“My Fair Lady” – David Byrne

There’s an almost Baroque stateliness to this churning little ditty from the estimable Mr. Byrne. While probably not a classic addition to the Byrne oeuvre (the subject matter–entrancing woman in a magazine–seems tired by now), this contribution to Wired Magazine’s Rip. Sample. Mash. Share. project has its charms, beginning with the former Talking Heads leader’s inscrutably ingratiating voice. I mean, there’s nothing about this somewhat whiny, high-pitched, more than a little nasally voice that should engage us, and yet I find above all it’s always his voice that draws me in, through all his incarnations over lo these many years. For a geeky, intellectual sort of guy he’s proven himself to be a fearless singer; maybe that’s what lends such deep appeal to the Byrne vibe. If nothing else, don’t miss the grunt at 2:38–it’s perfect. I’m also getting a kick out of how Byrne bleeds his voice directly into the synthesizer at the end. And hey there are one or two more well-delivered grunts in the last few seconds too.


“Away” – Greta Gertler & Peccadillo

The beginning of this song sounds interestingly slidey and sloppy, like a small orchestra warming up, but keep the piano’s off-kilter theme in mind–it returns very effectively later. The intro gives way to a stripped-down, beat-driven verse, followed by a simple chorus sung over an oscillating violin line, at which point this so-called “chamber pop band” (an unusual combination of strings and winds, plus Gertler’s piano and some percussion) kicks in to flesh the song out with a wonderful assortment of organic flourishes. (Check out the great, punctuating sound at the two-minute mark–I think one of the stringed instruments does that, but which one? and how?). Combining a crystalline sort of yearning quality to her voice (think Lisa Loeb) with a knack for layered vocals and striking instrumentation (think Kirsty MacColl), Gertler packs a lot into a three and a half minute pop song. While the melody is relatively modest, the package is assured and engaging; when the opening theme returns about two and a half minutes into the proceedings–that wonderful, lop-sided piano theme augmented by all sorts of knowing squeaks and squiggles from the band–I’m won over for good. “Away” comes from a brand new album, Nervous Breakthroughs, that was begun way back in 1998 but was only recently finished. The MP3 can be found on Gertler’s web site.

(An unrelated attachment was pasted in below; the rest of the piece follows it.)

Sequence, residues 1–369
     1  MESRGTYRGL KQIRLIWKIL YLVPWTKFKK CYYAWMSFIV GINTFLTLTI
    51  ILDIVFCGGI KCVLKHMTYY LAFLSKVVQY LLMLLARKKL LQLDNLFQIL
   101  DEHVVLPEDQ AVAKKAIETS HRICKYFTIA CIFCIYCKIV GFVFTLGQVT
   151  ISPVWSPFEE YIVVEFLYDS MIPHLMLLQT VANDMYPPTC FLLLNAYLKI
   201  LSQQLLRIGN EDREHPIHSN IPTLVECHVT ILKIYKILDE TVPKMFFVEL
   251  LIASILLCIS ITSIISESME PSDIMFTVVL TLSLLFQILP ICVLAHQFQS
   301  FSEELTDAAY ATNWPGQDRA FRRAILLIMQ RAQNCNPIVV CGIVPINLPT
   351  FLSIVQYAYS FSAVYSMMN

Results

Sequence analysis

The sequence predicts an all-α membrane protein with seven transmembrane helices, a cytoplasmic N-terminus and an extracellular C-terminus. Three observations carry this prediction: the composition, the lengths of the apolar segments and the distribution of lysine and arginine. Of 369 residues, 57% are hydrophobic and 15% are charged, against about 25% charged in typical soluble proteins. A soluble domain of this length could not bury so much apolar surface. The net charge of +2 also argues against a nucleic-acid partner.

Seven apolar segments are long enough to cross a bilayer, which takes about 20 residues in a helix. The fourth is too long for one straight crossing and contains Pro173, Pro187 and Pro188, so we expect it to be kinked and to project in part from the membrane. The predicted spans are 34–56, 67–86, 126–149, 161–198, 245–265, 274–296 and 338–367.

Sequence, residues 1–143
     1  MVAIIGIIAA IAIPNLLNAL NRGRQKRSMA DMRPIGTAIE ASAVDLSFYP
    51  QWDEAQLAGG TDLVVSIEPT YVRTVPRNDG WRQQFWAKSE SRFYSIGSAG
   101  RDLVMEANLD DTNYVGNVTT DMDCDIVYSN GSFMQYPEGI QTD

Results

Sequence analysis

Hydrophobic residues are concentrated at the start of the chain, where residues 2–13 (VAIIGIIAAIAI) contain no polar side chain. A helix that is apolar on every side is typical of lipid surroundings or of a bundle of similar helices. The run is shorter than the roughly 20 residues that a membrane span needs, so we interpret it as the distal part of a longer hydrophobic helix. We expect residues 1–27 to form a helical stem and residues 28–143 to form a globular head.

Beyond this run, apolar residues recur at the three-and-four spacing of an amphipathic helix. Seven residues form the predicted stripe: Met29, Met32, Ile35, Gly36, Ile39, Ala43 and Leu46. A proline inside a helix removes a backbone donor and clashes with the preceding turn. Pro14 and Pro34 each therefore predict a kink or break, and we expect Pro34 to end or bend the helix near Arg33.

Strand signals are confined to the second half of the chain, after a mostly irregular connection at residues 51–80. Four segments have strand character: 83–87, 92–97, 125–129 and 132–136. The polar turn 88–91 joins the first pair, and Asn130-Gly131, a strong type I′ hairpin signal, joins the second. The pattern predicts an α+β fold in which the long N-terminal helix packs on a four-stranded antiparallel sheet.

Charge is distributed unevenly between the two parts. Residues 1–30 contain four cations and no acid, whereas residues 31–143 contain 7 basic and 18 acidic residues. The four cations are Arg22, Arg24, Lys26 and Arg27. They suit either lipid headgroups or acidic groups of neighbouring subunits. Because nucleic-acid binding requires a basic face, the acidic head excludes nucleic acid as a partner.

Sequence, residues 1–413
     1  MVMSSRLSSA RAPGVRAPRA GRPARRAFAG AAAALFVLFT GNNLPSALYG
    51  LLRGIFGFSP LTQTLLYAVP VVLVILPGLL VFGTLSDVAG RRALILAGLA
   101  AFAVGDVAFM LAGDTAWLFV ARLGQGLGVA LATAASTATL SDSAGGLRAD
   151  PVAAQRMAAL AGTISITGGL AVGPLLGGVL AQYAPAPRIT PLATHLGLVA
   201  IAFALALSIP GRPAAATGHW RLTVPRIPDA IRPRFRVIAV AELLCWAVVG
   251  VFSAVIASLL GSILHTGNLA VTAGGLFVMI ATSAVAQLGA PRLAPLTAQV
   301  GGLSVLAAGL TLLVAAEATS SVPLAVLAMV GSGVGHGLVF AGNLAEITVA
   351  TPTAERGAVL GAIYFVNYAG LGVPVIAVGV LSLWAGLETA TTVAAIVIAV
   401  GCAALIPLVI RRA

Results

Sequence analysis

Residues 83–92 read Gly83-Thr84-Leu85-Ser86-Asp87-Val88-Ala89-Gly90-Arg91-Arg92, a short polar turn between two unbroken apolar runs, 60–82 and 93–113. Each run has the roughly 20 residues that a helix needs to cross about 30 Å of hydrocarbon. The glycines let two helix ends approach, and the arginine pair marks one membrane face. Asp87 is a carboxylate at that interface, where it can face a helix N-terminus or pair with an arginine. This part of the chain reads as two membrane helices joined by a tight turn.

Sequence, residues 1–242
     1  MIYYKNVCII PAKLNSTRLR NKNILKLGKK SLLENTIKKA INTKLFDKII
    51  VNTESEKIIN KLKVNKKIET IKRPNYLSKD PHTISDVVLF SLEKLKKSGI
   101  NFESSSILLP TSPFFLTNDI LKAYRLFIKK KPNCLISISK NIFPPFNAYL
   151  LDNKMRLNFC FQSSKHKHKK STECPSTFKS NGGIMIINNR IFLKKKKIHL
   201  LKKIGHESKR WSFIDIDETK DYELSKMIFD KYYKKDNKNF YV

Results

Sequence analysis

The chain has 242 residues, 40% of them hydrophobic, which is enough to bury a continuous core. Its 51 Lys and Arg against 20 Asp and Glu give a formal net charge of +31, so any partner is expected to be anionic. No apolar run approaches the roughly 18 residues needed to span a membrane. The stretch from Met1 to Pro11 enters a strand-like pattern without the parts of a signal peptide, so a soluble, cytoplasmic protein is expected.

“Helen Reddy” – Trembling Blue Stars

Naming a song after a singer seems a particularly fetching thing to me. For all I know this stems from my lasting devotion to the Replacements’ “Alex Chilton” (one of the mysteriously great rock songs of all time), but what the heck, the world is full of strange and wonderful inter-connections. In any case, “Helen Reddy” is its own kind of good. Driven by singer Beth Arzy’s simultaneously warm-yet-distant vocals, the song succeeds in evoking the evanescent nostalgia of listening to distant radio stations at night as a child; the way certain lyrics spring forward clearly (“These nights are made for sleeping”) while others recede into the blurry aural landscape accentuates the mood and subject matter. The soft but steady beat, the subtle buzz of vague keyboard noise, and Arzy’s Georgia Hubley-ish voice all bring Yo La Tengo to mind, but there’s an airy warmth here that’s different from that band’s murkier sort of reserve. “Helen Reddy” is the lead track on the band’s latest CD, Seven Autumn Flowers, released on Elefant Records in Europe and, apparently, on Bar/None Records here in October, although the Bar/None web site still doesn’t list it anywhere. The MP3 can be found on the Elefant Records site.




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